As such, those women who experience a concussion during their luteal phase actually have much worse outcomes and slower recovery times than those who experience one during their follicular phase.

This is because the luteal phase is followed by a prolonged period of low progesterone (observed during the follicular phase), which delays recovery and increases the severity of symptoms.

Conversely, those who get a concussion during their follicular phase see a rise in progesterone as soon as they ovulate, which improves upon their symptoms.

Related Article: Gender differences in sport injury risk and types of injuries

Traumatic brain injury and concussion: does gender have an impact?

I have already outlined the fact that concussion is a mild type of traumatic brain injury.

However, more serious traumatic brain injuries can result in brain bruising and torn neural tissue, as well as bleeding and other physical damage to the brain.

Scarily, these injuries tend to cause long term complications, or in some cases, even death.

These types of injuries tend to be the result of violence (leading to blunt force trauma of the skull), car accidents, and large falls.

With this in mind, only about one third of all traumatic brain injuries are females, which aligns with evidence suggesting that females are less likely to be in a car accident or resort to physical violence than males (Leitgeb, 2011; Munivenkatappa, 2016).

While this indeed suggests that males are more likely to experience a traumatic brain injury than females, it is important to note that much like concussions, the outcomes are still worse for females.

In fact, females are much more likely to experience prolonged neurological issues after having a traumatic brain injury – and they are also more likely to die after a traumatic brain injury.

Again, not good.

Sociocultural influences that impact the reporting of concussion symptoms

While this information paints a pretty nasty picture for female concussions, it also important to note that there may be some things that also impact the reporting of concussions – particularly amongst male athletes (Cormon, 2019).

Sports media have long celebrated stories of masculinity and toughness, while also promoting a culture of risk.

As a result, athletes who play through pain, sacrifice their health for the betterment of the team, and beat their opponent through physicality tend to be celebrated by teammates, coaches, and supporters alike.

With this in mind, both female and male athletes who embody these traits and beliefs may be less likely to report the severity of their concussion symptoms – which could have detrimental health effects down the road.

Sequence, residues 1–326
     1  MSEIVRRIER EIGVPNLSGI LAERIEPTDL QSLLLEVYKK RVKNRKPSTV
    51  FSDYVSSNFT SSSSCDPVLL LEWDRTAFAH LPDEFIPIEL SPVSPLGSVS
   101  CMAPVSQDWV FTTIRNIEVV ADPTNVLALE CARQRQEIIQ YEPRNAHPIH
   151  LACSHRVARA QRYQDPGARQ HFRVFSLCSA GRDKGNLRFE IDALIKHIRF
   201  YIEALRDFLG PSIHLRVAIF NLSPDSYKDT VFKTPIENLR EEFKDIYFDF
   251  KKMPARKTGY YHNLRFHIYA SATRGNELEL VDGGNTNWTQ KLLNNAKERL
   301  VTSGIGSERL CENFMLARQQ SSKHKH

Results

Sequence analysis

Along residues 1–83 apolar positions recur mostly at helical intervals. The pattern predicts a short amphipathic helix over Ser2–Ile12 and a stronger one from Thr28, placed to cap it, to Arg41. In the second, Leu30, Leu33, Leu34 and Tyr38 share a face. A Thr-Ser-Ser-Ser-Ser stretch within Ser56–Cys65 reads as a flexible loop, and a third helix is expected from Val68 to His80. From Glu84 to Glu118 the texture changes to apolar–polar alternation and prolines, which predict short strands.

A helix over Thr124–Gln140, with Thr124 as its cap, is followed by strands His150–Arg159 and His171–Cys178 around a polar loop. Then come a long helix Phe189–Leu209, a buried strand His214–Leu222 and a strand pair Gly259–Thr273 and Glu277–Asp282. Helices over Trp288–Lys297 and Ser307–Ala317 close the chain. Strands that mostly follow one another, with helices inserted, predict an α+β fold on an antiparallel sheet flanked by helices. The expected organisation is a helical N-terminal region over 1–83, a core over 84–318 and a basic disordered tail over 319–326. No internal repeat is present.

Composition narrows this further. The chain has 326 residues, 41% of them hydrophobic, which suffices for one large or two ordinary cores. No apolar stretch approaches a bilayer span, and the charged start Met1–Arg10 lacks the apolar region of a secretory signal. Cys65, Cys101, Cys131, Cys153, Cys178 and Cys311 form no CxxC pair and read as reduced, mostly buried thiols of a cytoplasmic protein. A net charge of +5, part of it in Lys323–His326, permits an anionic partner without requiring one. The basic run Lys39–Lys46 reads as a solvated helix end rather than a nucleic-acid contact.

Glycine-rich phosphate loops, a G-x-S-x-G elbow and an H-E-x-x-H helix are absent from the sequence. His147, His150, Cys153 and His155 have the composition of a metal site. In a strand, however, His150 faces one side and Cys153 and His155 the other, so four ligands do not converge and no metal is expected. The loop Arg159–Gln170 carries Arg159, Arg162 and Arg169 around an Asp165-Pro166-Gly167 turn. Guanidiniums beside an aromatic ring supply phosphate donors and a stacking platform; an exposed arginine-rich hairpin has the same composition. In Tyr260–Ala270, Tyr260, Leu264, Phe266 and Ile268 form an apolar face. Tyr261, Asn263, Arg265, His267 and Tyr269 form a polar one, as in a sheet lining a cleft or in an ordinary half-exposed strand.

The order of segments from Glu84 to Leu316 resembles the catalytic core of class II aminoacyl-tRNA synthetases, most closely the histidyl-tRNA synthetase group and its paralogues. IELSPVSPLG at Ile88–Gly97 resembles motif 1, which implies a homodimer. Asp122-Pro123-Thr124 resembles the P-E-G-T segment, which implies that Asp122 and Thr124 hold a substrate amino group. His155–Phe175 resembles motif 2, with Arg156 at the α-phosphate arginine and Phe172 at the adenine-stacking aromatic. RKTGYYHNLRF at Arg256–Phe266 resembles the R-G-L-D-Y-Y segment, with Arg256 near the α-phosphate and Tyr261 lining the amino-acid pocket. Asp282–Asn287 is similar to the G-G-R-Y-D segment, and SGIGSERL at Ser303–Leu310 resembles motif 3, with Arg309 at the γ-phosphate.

While this may only impact a small percentage of the sporting population, it does suggest that sporting organizations need to embody a ‘player first’ mentality, where the health of the players takes priority – even over organizational success.

Take Home Message

Sport related concussions have been in the limelight for more than decade – but only now are we starting to see the impact of gender on concussion risk and concussion symptoms.

And it paints a scary picture.

All in all, this highlights a need for more concussion awareness in sports, with an emphasis placed on exercise interventions to better help prevent concussions in female athletes.

References

Giza, Christopher C., and Jeffrey S. Kutcher. “An introduction to sports concussions.” CONTINUUM: Lifelong Learning in Neurology 20.6 Sports Neurology (2014): 1545.

Covassin, Tracey, Ryan Moran, and R. J. Elbin. “Sex differences in reported concussion injury rates and time loss from participation: an update of the National Collegiate Athletic Association Injury Surveillance Program from 2004–2005 through 2008–2009.” Journal of athletic training 51.3 (2016): 189-194.

Mollayeva, Tatyana, Graziella El-Khechen-Richandi, and Angela Colantonio. “Sex & gender considerations in concussion research.” Concussion 3.1 (2018): CNC51.

Munivenkatappa, Ashok, et al. “Traumatic brain injury: Does gender influence outcomes?.” International journal of critical illness and injury science 6.2 (2016): 70.

Leitgeb, Johannes, et al. “Effects of gender on outcomes after traumatic brain injury.” Journal of Trauma and Acute Care Surgery 71.6 (2011): 1620-1626.

Corman, Steven R., et al. “Socioecological influences on concussion reporting by NCAA Division 1 athletes in high-risk sports.” PloS one 14.5 (2019): e0215424.